It's actually action which leads to motivation which leads to more action.
And you will find many videos out there on the topic of procrastination. And actually many of them give you the advice to "just do it." Which may work well for a Nike slogan. But I don't think it works very well in practice.
Videos that tell you to just do it and just work through the procrastination are a dime a dozen. And I actually don't agree with this advice. It doesn't actually work. But here are some solutions that do work and have worked for me.
So I have a few general solutions on how you can approach procrastination. And I'm gonna cover in even more depth some specifics in the next video
Finding a way to make it very small or make the job or the task easy is a great way to get yourself to start something that you're stuck on. So for example, change the scope. Don't think about all the things that you have to do. Just think of one small little step that you can do, something that maybe only takes you five or ten minutes.
Another trick you can use is to give yourself an incentive, if your project is something like drawing or painting, perhaps you have a favorite podcast or YouTube channel that you like to listen to or watch, you can put that on and listen to it while you're drawing. Heck, you can even turn on the TV, treat yourself to some soap operas.
Reason 3: Perfectionism
The third way, we sabotage ourselves is perfectionism. I've talked about this in some of my prior videos. But it's worth mentioning again here.
I've heard other artists talk about how being a perfectionist is a good thing and I really strongly disagree with this. Maybe for some it allows them to achieve higher quality work, but for those of us, who are neurodiverse, it's actually really insidious thinking and it can often stop us from starting our projects. Because we have this image in our mind of what it is we want to create, but we somehow think that we don't have the ability to create it as perfectly as we want. So why bother with it at all? And that really comes from perfectionism.
To use art as an example, we may want the perfect color, the perfect lighting, the perfect composition and the perfect anatomy. Everything, we want to be just right.
One solution you can use here is to change your expectations. Just to think about one aspect of the creation that we want to really focus on making high quality. And not trying to make everything perfect.
Another solution is to use a mantra. There's a really great mantra for this;
"Perfect is the enemy of done"
Put it on a post-it note, put it somewhere where you will see it. That will help inspire you to start creating.
You can also change the metric of success. Rather than seeing a success as having created something that's perfect, you can have your metric of success be creating anything at all.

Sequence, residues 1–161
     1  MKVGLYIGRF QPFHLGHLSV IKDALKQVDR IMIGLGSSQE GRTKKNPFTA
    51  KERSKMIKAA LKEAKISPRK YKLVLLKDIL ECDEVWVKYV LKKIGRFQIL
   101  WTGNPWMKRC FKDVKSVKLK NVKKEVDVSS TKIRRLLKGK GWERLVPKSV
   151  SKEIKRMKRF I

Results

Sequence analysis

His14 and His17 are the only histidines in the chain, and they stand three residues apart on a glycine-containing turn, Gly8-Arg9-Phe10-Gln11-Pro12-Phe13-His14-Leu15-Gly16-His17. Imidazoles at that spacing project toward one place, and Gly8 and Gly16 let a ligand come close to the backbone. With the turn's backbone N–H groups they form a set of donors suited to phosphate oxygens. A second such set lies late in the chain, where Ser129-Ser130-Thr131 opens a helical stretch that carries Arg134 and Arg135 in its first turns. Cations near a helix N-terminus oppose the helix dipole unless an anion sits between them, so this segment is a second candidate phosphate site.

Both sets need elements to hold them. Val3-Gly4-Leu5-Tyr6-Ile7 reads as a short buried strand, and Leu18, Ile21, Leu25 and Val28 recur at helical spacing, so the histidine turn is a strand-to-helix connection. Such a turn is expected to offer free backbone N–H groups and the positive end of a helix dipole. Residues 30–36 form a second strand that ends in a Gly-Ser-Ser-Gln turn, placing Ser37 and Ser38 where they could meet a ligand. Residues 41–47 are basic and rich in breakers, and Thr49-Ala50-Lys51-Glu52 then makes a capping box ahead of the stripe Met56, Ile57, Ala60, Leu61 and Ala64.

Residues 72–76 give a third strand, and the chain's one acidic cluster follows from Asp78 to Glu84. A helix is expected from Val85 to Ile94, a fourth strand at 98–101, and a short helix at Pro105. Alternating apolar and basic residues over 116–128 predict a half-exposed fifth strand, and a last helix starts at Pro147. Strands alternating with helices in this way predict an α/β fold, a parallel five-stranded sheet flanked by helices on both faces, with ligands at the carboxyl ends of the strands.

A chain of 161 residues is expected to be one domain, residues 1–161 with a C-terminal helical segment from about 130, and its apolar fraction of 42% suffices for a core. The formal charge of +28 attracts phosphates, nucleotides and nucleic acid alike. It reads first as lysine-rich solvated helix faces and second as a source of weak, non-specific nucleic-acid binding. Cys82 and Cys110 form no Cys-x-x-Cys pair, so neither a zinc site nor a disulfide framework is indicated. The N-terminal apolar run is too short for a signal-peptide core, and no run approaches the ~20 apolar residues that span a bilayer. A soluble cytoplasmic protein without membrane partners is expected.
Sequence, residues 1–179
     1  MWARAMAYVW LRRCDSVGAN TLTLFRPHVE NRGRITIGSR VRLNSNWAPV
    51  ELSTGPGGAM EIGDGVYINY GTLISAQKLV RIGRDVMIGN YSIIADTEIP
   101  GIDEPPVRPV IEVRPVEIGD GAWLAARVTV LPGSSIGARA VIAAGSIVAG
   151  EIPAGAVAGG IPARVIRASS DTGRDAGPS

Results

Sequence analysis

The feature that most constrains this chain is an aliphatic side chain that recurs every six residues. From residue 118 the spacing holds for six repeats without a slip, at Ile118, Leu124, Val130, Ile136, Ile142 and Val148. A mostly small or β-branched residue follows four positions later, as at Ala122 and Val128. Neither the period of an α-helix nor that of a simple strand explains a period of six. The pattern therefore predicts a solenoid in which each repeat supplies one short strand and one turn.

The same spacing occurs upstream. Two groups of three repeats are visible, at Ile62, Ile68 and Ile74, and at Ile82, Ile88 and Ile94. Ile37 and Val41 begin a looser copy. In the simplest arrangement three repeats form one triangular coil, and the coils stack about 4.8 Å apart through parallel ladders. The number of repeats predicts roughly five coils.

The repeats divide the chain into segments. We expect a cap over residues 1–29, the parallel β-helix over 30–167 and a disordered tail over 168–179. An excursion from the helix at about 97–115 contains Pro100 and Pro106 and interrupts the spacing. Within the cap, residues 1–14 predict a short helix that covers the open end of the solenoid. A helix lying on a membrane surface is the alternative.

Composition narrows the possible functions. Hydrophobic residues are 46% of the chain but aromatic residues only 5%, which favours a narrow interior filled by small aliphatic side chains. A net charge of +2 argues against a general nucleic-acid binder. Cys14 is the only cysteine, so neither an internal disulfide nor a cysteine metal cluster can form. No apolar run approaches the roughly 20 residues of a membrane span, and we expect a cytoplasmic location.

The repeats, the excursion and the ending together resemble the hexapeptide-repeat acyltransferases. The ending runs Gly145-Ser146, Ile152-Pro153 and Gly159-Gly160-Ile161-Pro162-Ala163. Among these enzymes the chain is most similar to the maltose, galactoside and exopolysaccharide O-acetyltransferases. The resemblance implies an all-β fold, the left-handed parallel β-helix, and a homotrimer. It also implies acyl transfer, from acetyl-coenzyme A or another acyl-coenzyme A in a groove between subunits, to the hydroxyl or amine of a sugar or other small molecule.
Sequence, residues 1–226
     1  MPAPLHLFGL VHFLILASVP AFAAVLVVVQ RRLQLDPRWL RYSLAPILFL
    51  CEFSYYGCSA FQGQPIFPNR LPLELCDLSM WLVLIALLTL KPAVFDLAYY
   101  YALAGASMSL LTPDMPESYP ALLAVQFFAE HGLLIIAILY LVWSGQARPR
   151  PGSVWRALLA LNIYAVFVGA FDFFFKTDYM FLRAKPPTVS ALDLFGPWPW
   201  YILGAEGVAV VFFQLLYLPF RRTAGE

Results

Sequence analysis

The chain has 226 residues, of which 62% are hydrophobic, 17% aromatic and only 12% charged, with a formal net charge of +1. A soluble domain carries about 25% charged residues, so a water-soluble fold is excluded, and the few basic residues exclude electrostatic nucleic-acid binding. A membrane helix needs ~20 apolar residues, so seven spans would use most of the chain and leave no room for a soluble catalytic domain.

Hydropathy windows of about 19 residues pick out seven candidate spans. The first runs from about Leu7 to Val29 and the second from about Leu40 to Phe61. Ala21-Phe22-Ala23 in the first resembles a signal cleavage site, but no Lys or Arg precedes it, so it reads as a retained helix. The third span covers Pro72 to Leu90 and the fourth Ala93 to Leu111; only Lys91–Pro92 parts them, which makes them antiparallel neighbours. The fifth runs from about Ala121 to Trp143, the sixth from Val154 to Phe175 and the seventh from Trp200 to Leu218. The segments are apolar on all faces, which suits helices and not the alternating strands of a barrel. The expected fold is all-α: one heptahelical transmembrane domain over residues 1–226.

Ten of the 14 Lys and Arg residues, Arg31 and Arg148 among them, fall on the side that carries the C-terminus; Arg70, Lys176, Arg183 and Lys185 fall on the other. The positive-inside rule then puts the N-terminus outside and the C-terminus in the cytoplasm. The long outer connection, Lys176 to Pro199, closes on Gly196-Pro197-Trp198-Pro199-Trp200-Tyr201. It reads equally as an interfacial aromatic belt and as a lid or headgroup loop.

Reason 4: You don't invest in growth.
Some creators keep doing the same thing that they've been doing for years without investing anything in learning the fundamentals or growing their skills.
There's this thing called the Four Stages of Competence. The first stage is unconscious incompetence. This is when you don't know what you don't know. It's when you don't even have an awareness that there's all these things that you don't know yet.
A good example of this is an artist who's never taken a Figure Drawing class. They don't really realize yet, just how poorly they understand how to draw the human figure and how important figure drawing is to overall drawing competency. It wasn't until I took figure drawing that I started to realize just how much I didn't know. I thought I was good at drawing but then figure drawing really kicked my ass and helped me to see that I had so much more to learn.
So some of what I'm saying here might sound like it contradicts what I said in the previous section. I had said that in dealing with perfectionism you may have to change the metric of success to just creating anything at all and ignore quality, but that advice is intended for people who are paralyzed by their perfectionism and that doesn't really apply here.
With this particular point, I'm trying to speak to the people who are creating on a regular basisand aren't really growing. They're just kind of doing the same things over and over again.
It needs to involve a balance. You need to balance your passions and the type of art that you want to do with the skills development because if you go too far in the direction of just focusing on skills, you start to lose your own passion and interest in art.
You're capable of communicating even more and if you are able to invest in growing your skills, there's so much more that you can say with your art.
And I really probably don't need to say this again, I know I'm using art as an example here, but this really applies to anything creative.
So what are some solutions to help?
I mean I already outlined taking classes and this does not...I want to clarify that this doesn't mean that you have to get a formal education. There's is now more than ever, there's so much good online educational resources for free or for low-cost. But I will also say going to a class is also useful.
Having direct connection to a professor can help you to get critique, help give you direct guidance on what sorts of things to work on. If you're unconsciously incompetent,you're not going to know where to direct your efforts yet.